Many of the characters in the first book also appear here. Yakimov, always on his uppers and installed in the Pringle’s spare room, is disgruntled and depressed. When Guy and Harriet come across Sasha Drucker; the son of a wealthy Jewish businessman whose ruin is the talk of the city, the pair take him in too. Sasha has deserted from the army and Harriet is concerned that Yakimov will inform someone if he knows, so he has to stay in hiding. She is right to worry – Yakimov is concerned solely with his own well-being and is the least discreet person imaginable. When he goes to visit Cluj, he is so out of touch with events, that he imagines he can visit his old friend Fredi von Flugel; now a Nazi. His bravado and bragging may well have unpleasant repercussions for the very people who took him in when he had nowhere else to turn.

Meanwhile, revolution is in the air. As Bucharest experiences upheaval, martial law and shortages, the British await the arrival of Professor Pinkrose; invited by Guy’s boss, Inchcape, to – almost unbelievably - give a lecture. Harriet begins to despair that neither Guy, nor Inchcape, are prepared to accept the danger they could be in and have their heads firmly in the sand about current events. Bucharest now has a strong German presence, the Blitz has begun back home and getting to safety may soon be impossible. You really do feel for Harriet in this book – Guy is always so concerned with everyone else that he barely has time to consider how Harriet feels and she remains isolated and worried. Before the end of this volume, she has some difficult decisions to make about the future.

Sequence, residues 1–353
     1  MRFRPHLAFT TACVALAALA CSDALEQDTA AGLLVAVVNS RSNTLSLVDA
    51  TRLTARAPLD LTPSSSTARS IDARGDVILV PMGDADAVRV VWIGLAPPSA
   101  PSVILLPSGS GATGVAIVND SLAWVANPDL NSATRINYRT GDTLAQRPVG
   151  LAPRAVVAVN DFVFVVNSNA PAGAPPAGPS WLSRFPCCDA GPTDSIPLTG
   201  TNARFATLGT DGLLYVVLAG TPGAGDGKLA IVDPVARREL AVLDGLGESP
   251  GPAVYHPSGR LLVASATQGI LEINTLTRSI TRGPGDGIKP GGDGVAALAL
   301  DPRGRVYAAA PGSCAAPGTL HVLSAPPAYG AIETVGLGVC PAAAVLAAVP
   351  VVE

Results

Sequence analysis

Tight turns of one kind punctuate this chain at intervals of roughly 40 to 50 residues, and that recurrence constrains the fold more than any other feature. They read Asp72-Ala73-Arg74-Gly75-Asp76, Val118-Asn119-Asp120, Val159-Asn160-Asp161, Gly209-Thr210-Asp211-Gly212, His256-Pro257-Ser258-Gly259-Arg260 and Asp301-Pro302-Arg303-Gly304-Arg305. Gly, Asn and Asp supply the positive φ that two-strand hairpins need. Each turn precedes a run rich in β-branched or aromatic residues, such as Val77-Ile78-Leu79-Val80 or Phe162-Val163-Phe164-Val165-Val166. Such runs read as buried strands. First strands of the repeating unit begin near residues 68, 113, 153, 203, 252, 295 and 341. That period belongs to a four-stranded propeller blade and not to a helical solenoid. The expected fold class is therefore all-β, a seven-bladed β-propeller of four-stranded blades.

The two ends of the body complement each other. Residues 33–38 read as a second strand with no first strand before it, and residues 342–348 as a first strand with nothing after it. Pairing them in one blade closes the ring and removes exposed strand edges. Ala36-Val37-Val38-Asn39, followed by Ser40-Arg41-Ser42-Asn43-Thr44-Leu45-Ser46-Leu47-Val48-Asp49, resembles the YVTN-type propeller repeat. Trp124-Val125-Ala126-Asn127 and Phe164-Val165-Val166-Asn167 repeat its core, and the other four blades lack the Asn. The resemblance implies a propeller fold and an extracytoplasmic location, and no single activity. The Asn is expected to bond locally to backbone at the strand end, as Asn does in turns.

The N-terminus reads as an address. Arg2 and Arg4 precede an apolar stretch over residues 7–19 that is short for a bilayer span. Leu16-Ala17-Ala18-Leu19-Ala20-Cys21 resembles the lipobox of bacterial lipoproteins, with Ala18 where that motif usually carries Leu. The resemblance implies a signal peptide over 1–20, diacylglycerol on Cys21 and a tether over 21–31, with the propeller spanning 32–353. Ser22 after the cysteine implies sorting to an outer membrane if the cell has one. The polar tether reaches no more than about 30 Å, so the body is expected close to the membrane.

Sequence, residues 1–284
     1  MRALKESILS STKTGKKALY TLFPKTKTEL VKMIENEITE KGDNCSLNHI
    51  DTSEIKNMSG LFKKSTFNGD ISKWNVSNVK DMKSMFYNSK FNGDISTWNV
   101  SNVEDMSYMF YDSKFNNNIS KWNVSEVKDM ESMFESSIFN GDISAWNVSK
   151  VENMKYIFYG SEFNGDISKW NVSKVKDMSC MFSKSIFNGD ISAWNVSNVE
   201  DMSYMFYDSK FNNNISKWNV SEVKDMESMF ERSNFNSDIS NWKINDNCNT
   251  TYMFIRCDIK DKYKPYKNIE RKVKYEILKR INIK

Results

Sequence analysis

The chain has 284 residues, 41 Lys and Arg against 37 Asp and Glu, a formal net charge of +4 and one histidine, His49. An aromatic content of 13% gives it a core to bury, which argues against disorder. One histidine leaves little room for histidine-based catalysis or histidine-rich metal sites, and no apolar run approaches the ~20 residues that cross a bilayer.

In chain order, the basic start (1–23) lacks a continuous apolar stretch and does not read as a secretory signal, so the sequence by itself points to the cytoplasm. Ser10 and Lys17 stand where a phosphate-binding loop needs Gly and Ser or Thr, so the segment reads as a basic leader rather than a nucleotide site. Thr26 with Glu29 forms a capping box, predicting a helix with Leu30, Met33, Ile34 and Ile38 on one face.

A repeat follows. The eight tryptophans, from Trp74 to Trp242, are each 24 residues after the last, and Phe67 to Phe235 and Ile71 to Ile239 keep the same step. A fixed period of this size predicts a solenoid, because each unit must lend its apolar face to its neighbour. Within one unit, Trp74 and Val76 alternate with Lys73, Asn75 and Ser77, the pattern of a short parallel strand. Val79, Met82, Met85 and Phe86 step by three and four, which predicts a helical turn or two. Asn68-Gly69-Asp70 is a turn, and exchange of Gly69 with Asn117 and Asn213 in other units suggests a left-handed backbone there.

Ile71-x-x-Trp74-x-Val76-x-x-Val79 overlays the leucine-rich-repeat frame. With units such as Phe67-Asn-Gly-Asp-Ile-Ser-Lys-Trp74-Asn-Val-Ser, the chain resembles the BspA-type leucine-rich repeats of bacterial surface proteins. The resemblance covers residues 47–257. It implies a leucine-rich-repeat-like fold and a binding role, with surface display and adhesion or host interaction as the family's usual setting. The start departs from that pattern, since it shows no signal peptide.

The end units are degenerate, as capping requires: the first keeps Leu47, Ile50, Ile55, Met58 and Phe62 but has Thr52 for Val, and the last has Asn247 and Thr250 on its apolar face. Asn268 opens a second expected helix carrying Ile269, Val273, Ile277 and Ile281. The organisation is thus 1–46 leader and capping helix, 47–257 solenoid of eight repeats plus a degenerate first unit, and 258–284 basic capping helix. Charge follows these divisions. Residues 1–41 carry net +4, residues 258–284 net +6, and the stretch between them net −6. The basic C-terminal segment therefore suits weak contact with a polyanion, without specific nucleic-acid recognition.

“Friends and Heroes,” is the third in the Balkan trilogy. The first two volumes of the trilogy saw Guy and Harriet Pringle in Bucharest – newly married and coping in a Europe newly at war. This book sees Harriet travel to Athens alone and awaiting Guy’s arrival. Many of the characters who populated the first two novels also appear here, including Dubedat, Lush and Prince Yakimov. Indeed, so isolated is Harriet when she arrives that Yakimov, previously despised by her as an unwanted presence in her life, and her apartment, now becomes a friendly face in an unknown city.

It is fair to say that Guy Pringle is one of the most frustrating characters in any novel and his arrival, as expected, does not improve Harriet’s life noticeably. Politically naïve, emotionally warm and gregarious; Guy spends his time thinking the best of everyone despite the reality of his situation and unwilling to face reality. Guy had worked in the English department of the University in Bucharest, but, once in Greece, he finds that Dubedat, Lush and Professor Pinkrose are unwilling to help Guy with work – as he once helped them. Harriet is constantly frustrated by her husband’s unwillingness to see anything but the best about everyone and begins to feel more and more neglected as these books continue. Indeed, this novel sees her attracted to Charles Warden, as she feels her marriage means little to Guy, who has time for everyone but her, in a life taken up by providing entertainment for the troops and pouring his attention on students and friends.